Friday, September 2, 2016

A fan for a man

While the fan has been regarded as a feminine accessory for hundreds of years in the Western world, men who used fans were of course not unheard of in the 18th century. For obvious reasons, this phenomenon was more common in the Mediterranean climate. In Northern Europe, it was usually seen as exclusive to effeminate fops. 

I may have failed to find a picture of an
18th century "man fan". So here's a
picture of a man who definitely did use
fans: Lord John Hervey (1696-1743),
aka "Lord Fanny". Image source:
For example, an Italian who visited Stockholm in the early 1700s stirred some attention when he fanned himself with a small Chinese fan ”in the manner of women”. This attitude seems to have changed as the century progressed, however. Many men bought tourist fans (much like the ones of today) on their Grand Tours and travels, and most of these men probably didn't abstain from using them when they needed to cool themselves off. Fans with hidden erotic motifs also seem to have been popular.

Fans for men are usually described as quite plain, unadorned things which were generally darker in colour than their female counterparts. (Which I find interesting, considering the fact that the 18th century man was not afraid of wearing bright colours, sparkling jewellery and elaborate flower embroideries.) Anyway, during all my years of research, I still haven't come across a ”man fan”– at least not one that has been identified as one of those plain, dark things made specifically for a man. Some examples from previous centuries, like a leather fan that reputedly belonged to Charles I of England have been preserved, but so far I have yet to see one from the 18th century.

Italian "Grand Tour" fan, ca 1790.
Image source:
So when I was assigned with the task to make a fan for my friend Armand, I had to rely on guesswork. Using a set of plain black wooden sticks, I made a leaf out of black laid paper, with a monogram letter and silver sequins as the only decorations. Simple but very elegant.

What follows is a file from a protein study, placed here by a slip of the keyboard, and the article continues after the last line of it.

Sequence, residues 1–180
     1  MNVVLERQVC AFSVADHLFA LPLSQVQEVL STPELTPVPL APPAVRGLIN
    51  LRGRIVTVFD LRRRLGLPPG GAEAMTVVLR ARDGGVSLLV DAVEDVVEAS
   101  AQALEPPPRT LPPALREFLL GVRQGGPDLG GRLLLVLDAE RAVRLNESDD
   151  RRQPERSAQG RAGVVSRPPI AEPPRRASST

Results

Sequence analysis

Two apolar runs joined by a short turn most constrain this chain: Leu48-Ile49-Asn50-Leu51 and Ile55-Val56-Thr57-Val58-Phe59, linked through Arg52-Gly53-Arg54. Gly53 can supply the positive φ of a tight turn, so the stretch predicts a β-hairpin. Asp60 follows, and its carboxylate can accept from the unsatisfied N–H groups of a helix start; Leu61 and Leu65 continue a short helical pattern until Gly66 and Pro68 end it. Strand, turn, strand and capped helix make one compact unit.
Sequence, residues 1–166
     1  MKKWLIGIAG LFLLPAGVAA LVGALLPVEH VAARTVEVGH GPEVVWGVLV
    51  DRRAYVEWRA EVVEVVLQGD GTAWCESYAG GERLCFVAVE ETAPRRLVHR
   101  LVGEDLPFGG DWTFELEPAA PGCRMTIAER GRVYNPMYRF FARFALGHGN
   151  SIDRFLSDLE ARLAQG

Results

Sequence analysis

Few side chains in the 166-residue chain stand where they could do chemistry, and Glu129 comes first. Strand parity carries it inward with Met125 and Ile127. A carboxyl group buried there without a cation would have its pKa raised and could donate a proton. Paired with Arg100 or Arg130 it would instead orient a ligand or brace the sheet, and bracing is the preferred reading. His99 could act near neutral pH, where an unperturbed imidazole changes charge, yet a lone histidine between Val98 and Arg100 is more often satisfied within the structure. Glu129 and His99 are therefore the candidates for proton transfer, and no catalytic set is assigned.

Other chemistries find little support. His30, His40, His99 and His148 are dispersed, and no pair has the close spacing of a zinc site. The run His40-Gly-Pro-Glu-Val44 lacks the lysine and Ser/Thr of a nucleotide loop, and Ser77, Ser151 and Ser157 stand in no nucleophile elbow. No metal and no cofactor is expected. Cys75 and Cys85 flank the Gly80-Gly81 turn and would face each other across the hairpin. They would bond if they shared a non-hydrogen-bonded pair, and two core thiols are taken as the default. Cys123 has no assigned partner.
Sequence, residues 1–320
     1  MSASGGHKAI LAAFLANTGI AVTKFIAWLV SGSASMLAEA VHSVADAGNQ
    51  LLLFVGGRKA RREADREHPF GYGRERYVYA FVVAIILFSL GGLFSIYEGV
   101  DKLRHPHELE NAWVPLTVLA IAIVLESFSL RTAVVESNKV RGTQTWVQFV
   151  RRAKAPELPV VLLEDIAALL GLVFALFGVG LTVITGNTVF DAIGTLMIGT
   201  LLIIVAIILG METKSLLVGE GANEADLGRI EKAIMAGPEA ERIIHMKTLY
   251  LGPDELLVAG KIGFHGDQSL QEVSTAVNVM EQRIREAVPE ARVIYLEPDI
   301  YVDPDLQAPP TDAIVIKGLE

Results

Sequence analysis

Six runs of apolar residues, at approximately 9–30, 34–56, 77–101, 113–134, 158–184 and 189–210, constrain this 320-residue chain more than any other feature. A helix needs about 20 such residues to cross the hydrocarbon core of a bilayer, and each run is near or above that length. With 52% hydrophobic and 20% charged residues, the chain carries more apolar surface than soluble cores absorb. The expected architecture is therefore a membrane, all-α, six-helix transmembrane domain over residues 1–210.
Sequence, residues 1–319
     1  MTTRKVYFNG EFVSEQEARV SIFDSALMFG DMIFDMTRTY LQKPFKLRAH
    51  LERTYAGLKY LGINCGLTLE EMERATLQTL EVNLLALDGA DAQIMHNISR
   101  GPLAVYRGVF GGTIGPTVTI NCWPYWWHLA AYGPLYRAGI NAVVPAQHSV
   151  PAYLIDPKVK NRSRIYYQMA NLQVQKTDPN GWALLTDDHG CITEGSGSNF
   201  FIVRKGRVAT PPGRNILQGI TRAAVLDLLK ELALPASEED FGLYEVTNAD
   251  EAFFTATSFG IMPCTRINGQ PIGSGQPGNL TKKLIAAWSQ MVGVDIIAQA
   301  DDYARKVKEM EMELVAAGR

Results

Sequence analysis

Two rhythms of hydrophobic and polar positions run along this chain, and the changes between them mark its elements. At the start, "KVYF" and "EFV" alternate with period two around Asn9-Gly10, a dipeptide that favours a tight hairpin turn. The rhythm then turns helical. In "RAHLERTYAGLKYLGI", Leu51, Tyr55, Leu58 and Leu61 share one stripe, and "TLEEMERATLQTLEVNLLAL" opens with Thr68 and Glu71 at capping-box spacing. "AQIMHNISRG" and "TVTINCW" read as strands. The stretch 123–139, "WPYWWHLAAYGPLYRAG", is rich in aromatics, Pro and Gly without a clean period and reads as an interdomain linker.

(And no, the leaf is NOT stained. I just couldn't be arsed to remove the strange dots/dust particles/whatever in Photoshop. The photo happened to be taken in a very haunted house, by the way... ;-) )

Sources: Kulturen 1976- 1700-talet (Kulturen i Lund)
Aristocrats- the illustrated companion to the television series- Stella Tillyard

Saturday, August 20, 2016

A 1790's fan

Well, I'm back, after a rough year with house moves, a book release (not 18th century related, but you can read about it here) and a big art exhibition, to mention just a few things. And even though I haven't been able to attend more than two costume events during this time (!), I have managed to make myself at least one new fan, based on an original from about 1790...

It started with this lovely little thing that I won on Ebay a few years ago. (as you can see in my earlier posts, I have made two other fans based on this design, but I never tried to make a full reproduction of it before.)

I like that hat :-)
I have no idea of its country of origin, it was bought from Ireland so perhaps it is British. Anyway: it has a double paper leaf with a plain white reverse side and sticks of cattle bone. The leaf is adorned with a stipple engraving of what appears to be a dairymaid resting by a tree, and sewn-on sequins, Just like the other fans in my small collection, it is quite tattered. The leaf has stains, the right guard stick is broken and the once golden sequins have turned into a matte verdigris. I hope it would be possible for an expert to restore it to its former glory someday, but since antique fans shouldn't be used anyway I was determined to make a reproduction of it. Or the leaf at least, since I couldn't make a replica of the sticks.

I used a set of plain bone sticks from the late 19th or early 20th century. The vignette is a printed photo of the engraving, and the patterns are hand painted.

My inkjet printer is quite good really, but
this copy still ended up a lot paler than  the
original engraving... :-/

The result is pretty, albeit not quite as pretty as the original must have been about two hundred years ago. Because of the modern paper (which is always too thick, no matter how thin it may seem) and the bone staves which are also a bit thick, it is MUCH heavier than the original fan. My copy has a few other flaws as well, but I'm still glad I finished it - as a matter of fact I started working on it back in 2014...!